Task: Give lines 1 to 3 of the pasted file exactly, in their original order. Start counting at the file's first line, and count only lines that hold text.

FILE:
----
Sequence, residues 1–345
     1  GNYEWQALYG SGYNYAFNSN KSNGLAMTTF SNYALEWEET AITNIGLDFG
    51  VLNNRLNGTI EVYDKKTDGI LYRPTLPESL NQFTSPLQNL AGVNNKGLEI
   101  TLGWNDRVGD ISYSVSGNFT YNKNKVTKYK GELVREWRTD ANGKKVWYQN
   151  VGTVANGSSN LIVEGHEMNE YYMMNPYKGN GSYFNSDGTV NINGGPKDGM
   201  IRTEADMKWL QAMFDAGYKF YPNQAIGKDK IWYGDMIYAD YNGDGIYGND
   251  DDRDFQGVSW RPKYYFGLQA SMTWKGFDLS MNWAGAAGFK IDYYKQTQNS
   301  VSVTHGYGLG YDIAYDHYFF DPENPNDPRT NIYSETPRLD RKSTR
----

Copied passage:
Sequence, residues 1–345
     1  GNYEWQALYG SGYNYAFNSN KSNGLAMTTF SNYALEWEET AITNIGLDFG
    51  VLNNRLNGTI EVYDKKTDGI LYRPTLPESL NQFTSPLQNL AGVNNKGLEI